I have since retired from my job and I am currently paying for private health insurance purchased through Connect for Health Colorado. The cost of my insurance is 1/5 of my current monthly income. Even though the cost of this insurance is oppressive, I couldn’t afford all of the medical expenses associated with MS without it. An estimate the out-of–pocket cost per year associated with managing my MS is about $149,200.00

Mid-Session Legislative Updates

The Colorado Legislature is starting to seriously address issues in health care affordability. We believe many of these measures will make a difference and impact your pocket book.

We encourage you to let your legislators know of your interest, support or health care story.

Along with an update on legislation of interest, tips are listed below to develop your story, find legislators and other interesting facts.

Did you know?
Outside of the Denver Metro area 62% of adults experience healthcare affordability issues. In the Denver area over 56% of adults have a similar affordability issue. (from Altarum’s Consumer Healthcare Experience State Survey February 2019) Those issues were primarily around:

High Premiums
Are you uninsured due to high premiums? Did you buy your insurance on the exchange, Connect or in the individual market? Are the premiums ‘too expensive’?  Reinsurance, a program created in HB19-1168, will make an impact on the cost of premiums in Colorado’s individual insurance market.

Share your story and/or support HB19-1168.

This past week at the House hearing on the Reinsurance bill Jo Hubchik spoke representing the MS Society and the Chronic Care Collaborative in support of the bill.  She made the following points:

  • When the ACA first passed reinsurance was included to provide stability to rates
  • However, it was not implemented and left some groups, particularly those outside of the metro area subject to large premium increases based on just a few large claims since Insurers recoup losses from previous year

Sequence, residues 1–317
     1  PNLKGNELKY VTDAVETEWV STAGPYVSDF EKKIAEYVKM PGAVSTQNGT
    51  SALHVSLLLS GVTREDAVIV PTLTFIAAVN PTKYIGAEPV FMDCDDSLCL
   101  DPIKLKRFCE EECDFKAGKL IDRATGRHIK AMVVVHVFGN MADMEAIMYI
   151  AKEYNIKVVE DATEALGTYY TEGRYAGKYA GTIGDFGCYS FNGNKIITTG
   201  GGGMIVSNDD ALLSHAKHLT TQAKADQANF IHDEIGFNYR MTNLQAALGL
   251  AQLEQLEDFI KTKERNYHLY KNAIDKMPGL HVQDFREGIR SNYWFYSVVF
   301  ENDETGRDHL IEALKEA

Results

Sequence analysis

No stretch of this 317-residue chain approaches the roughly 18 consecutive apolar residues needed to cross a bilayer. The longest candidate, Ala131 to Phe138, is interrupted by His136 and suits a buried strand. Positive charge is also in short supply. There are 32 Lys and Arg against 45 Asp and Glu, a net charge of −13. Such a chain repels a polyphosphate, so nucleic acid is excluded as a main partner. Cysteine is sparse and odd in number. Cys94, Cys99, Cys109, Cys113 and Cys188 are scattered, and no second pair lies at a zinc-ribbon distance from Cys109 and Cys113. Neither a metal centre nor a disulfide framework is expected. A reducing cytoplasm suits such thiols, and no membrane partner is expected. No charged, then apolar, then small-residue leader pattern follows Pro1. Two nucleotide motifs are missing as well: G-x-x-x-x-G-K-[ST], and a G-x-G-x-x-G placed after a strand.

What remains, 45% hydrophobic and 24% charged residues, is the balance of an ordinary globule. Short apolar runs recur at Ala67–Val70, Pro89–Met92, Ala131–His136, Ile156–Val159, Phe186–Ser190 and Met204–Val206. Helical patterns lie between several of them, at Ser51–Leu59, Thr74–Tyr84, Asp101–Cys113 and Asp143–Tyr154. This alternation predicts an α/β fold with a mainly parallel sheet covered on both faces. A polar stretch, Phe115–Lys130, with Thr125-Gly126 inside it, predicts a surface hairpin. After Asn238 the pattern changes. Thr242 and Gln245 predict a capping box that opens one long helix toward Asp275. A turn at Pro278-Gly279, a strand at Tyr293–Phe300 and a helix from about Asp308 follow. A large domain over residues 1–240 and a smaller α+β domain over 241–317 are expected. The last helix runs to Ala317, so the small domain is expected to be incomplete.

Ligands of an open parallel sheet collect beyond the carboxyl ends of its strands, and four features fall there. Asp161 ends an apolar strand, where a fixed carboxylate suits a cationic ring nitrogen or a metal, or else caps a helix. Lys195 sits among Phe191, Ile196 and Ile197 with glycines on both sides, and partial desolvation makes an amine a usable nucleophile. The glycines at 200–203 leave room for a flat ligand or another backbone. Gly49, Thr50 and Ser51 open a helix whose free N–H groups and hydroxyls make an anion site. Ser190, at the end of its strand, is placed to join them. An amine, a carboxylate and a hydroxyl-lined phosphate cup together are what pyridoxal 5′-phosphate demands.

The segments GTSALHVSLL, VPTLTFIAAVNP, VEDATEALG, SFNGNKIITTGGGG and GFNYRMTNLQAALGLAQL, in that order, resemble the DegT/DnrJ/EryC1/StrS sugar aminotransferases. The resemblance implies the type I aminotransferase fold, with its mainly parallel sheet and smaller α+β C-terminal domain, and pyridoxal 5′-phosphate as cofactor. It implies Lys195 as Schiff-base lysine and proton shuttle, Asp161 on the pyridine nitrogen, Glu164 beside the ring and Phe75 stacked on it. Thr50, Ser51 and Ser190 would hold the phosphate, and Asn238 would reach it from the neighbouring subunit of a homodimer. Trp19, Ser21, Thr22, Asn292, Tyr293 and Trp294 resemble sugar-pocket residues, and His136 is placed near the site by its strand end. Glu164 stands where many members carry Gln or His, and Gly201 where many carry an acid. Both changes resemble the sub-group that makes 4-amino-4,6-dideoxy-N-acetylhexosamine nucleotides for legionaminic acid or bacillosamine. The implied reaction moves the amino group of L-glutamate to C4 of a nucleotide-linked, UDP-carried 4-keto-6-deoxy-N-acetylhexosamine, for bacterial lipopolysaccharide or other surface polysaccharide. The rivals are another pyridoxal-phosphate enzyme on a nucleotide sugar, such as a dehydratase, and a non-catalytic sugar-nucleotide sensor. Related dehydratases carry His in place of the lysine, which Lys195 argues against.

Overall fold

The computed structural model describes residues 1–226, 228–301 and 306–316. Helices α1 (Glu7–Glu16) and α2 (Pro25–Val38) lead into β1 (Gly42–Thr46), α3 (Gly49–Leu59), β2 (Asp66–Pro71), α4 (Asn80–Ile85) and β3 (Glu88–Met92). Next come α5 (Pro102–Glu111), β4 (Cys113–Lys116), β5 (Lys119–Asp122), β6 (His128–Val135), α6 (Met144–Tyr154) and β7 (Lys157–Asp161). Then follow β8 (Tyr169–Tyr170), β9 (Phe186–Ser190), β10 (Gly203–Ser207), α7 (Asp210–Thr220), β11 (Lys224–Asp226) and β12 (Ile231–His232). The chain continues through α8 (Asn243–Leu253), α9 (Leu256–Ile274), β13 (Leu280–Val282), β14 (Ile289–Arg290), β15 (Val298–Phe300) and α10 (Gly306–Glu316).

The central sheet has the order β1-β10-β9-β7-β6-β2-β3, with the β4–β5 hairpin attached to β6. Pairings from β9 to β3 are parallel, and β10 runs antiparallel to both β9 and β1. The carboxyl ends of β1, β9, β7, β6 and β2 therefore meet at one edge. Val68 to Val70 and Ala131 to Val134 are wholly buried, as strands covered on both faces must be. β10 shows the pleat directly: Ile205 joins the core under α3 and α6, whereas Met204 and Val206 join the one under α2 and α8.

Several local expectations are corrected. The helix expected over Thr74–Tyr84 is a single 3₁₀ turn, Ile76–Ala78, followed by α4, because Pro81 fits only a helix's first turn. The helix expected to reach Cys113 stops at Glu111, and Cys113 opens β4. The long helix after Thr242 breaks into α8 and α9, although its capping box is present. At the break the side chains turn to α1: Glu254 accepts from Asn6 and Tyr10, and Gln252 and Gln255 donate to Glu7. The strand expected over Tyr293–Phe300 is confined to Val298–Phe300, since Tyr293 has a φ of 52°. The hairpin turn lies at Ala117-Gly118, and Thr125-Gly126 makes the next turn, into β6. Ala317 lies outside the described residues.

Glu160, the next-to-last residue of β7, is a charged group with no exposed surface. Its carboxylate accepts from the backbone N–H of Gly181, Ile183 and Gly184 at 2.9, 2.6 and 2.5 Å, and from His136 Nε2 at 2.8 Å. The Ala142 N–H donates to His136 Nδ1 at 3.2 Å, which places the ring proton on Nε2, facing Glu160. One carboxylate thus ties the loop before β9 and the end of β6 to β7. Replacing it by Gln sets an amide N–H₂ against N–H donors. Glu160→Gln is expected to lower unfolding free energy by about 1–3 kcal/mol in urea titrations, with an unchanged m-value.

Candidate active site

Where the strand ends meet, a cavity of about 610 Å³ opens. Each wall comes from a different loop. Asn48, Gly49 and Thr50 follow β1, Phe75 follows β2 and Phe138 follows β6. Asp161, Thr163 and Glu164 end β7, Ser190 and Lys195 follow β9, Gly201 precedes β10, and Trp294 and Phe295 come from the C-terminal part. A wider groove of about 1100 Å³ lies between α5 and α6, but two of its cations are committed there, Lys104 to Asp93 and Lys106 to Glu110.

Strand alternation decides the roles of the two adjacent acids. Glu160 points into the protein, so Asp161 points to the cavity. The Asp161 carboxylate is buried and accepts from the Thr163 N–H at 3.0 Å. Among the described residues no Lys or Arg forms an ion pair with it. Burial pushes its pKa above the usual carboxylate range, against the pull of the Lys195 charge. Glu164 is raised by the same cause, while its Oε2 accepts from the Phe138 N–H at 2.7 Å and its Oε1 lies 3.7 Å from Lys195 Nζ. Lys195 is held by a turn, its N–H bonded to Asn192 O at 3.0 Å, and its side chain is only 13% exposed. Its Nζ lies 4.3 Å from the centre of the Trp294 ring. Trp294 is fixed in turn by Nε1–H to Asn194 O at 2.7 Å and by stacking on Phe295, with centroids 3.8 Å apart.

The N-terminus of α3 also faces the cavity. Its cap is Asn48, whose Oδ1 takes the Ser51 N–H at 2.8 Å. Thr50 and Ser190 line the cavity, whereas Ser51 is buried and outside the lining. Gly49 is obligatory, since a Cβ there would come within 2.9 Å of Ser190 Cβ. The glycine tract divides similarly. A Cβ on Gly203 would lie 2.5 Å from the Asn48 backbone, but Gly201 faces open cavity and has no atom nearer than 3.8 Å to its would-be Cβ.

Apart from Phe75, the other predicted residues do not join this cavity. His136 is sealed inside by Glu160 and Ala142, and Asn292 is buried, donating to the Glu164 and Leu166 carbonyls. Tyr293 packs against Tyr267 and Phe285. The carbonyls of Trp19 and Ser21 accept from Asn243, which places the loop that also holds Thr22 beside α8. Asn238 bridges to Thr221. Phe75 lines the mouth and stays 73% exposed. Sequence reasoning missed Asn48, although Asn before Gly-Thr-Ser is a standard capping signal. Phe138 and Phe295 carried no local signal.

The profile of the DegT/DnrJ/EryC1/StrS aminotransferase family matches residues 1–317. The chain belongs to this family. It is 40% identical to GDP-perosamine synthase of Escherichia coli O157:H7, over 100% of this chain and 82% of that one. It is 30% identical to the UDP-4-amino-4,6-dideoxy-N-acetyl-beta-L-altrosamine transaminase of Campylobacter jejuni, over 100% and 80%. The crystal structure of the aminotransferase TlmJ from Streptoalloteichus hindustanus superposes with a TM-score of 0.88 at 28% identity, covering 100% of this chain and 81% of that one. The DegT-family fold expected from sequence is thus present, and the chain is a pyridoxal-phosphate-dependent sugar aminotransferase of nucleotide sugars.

• The cost of insurance is already high particularly for those not eligible for tax assistance
  • Smaller employers and entrepreneurs are having the same struggles in providing health care
  • The need to lower costs is not limited to premiums. The costs for drugs, and specialists’ visits can be a burden to the family budget
  • Providing reinsurance protection would help with the premium part of the equation for insurance provided through the exchange
  • This is the first effort to resolve the rise in premium costs that does not look to the just raise the price to the consumer. Providers will share in the costs of funding the reinsurance dollars

The bill passed out of committee and on to the full House of Representatives.  It now needs our support in the Senate.

ACTION: Let your Representative know you support 1168 Reinsurance. Let us know if you are interested in testifying on the bill when it goes to the Senate.    If this bill is of interest to you, please email Allie.  allie.moore@ccc-co.org

Unexpected Medical Bills

One-third of privately insured Colorado Adults received a medical bill they were not expecting. (from Altarum’s Consumer Healthcare Experience State Survey February 2019).

There are two bills that attempt to address this issue. HB 19-1174 and SB 19-134

ACTION: Share your story and let your legislator know of your experience with an unexpected medical bill.  Email Allie if you have a story about an unexpected medical bill for assistance connecting with your legislator, allie.moore@ccc-co.org.

 OR if you need help with an insurance bill contact the Colorado Consumer Health Initative’s Consumer Assistance Program


Legislative Advocacy Tips:
The general website for the Colorado Legislature is https://leg.colorado.gov.

How do I find who my legislator is?